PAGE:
Needs Funding

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For many disabled people in the Greater Boston area, the MBTA’s The Ride service is the only means of maintaining independence in transportation. When fares for The Ride jumped 100 percent in July, while fares for T riders increased by an average of 23 percent, disability advocates were vocal in questioning the MBTA’s motives and its justification for increasing the cost of the service.

Three weeks after the fare increases went into effect, Governor Patrick’s commission on transportation for the disabled quietly issued a report that had been delayed for several months. The commission was charged with reviewing The Ride and transportation issues facing the disabled in Massachusetts, and with issuing recommendations for reform. Its final report contained several recommendations that call into question and even contradict the service changes implemented by the MBTA for The Ride.

With many questions surrounding The Ride fare increases unanswered, MuckRock submitted public records requests to the MBTA for internal documents, in hopes of uncovering the agency’s rationale behind the hikes.

Dates within the report suggest that the commission may have completed it during the public debate over the future of the MBTA, including possible fare hikes for disabled riders. MuckRock is hoping to understand how the decision was made, and why the report was withheld from the public.

The MBTA and Governor Patrick’s office have responded to four of MuckRock’s public records requests. In total, they have nearly 4,000 pages of internal memos, emails and reports relating to fare hikes on The Ride, proposed changes to The Ride and the commission report. (More details on the records requests can be found below.) But these documents come with a steep price tag -- $1,921.00, to be precise.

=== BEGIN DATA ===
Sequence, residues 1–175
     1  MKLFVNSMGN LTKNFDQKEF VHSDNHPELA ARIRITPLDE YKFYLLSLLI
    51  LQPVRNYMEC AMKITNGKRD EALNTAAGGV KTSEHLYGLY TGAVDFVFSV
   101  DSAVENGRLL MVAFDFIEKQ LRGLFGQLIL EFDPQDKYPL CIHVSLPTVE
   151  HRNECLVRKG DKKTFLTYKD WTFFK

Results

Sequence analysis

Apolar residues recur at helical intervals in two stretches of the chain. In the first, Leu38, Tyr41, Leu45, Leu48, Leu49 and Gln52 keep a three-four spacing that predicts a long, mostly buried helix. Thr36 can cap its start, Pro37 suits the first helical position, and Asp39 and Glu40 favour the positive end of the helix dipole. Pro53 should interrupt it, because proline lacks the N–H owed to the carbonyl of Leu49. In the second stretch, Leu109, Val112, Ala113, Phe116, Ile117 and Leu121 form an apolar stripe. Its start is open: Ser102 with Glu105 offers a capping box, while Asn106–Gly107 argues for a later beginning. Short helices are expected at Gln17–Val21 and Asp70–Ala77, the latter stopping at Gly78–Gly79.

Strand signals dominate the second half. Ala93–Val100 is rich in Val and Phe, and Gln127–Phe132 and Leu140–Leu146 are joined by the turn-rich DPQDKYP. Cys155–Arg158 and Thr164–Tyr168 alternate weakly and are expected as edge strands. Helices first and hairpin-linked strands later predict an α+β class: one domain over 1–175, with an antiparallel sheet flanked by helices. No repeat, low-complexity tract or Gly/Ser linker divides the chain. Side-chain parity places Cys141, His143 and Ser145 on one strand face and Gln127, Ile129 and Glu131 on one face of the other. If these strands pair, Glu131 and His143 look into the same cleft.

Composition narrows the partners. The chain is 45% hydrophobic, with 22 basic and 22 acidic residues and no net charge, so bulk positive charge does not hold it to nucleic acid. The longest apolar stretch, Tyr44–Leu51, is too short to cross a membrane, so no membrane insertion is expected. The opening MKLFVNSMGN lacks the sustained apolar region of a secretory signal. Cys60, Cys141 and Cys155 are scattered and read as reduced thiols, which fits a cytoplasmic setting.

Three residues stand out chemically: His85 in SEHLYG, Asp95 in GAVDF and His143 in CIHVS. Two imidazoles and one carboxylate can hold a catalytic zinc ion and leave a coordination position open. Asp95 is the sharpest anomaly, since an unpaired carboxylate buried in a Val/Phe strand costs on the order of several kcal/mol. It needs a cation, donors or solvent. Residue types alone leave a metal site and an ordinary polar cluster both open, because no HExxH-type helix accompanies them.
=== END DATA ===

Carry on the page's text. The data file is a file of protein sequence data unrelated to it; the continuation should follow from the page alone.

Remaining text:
Your support to obtain these documents will shed light on the MBTA's justification behind sharply increasing fares for disabled riders. These documents will also uncover reasons why the Governor's 530 Commission recommendations were made public only after the MBTA's plans for fare increases and service changes had already been put into effect.

How will it help?

Like all government agencies, the MBTA is supposed to be transparent and subject to public scrutiny regarding its policies and services. Many questions remain unanswered regarding recent fare increases and service changes for disabled riders of the T and The Ride system. These public documents will shed light on the MBTA’s justification for these policy changes and help the public discern whether the Boston transit system and its stewards are serving ridership fairly, judiciously and to the maximum extent of its resources. 

 
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  • R Hovden
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  • MuckRock

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